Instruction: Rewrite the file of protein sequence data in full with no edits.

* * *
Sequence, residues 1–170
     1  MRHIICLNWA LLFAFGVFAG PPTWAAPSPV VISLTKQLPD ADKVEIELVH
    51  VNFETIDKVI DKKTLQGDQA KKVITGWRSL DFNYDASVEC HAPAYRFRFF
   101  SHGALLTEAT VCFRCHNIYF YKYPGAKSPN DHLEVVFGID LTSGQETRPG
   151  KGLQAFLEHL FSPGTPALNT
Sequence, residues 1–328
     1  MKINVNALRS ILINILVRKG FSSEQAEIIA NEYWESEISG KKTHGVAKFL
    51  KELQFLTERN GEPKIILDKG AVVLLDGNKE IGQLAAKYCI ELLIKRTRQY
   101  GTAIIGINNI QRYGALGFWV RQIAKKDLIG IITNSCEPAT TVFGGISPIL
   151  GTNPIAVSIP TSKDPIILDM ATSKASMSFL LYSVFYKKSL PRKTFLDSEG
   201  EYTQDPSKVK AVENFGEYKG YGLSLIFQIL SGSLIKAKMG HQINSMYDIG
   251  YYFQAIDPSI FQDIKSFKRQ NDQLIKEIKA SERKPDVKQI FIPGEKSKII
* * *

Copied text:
Sequence, residues 1–170
     1  MRHIICLNWA LLFAFGVFAG PPTWAAPSPV VISLTKQLPD ADKVEIELVH
    51  VNFETIDKVI DKKTLQGDQA KKVITGWRSL DFNYDASVEC HAPAYRFRFF
   101  SHGALLTEAT VCFRCHNIYF YKYPGAKSPN DHLEVVFGID LTSGQETRPG
   151  KGLQAFLEHL FSPGTPALNT
Sequence, residues 1–328
     1  MKINVNALRS ILINILVRKG FSSEQAEIIA NEYWESEISG KKTHGVAKFL
    51  KELQFLTERN GEPKIILDKG AVVLLDGNKE IGQLAAKYCI ELLIKRTRQY
   101  GTAIIGINNI QRYGALGFWV RQIAKKDLIG IITNSCEPAT TVFGGISPIL
   151  GTNPIAVSIP TSKDPIILDM ATSKASMSFL LYSVFYKKSL PRKTFLDSEG
   201  EYTQDPSKVK AVENFGEYKG YGLSLIFQIL SGSLIKAKMG HQINSMYDIG
   251  YYFQAIDPSI FQDIKSFKRQ NDQLIKEIKA SERKPDVKQI FIPGEKSKII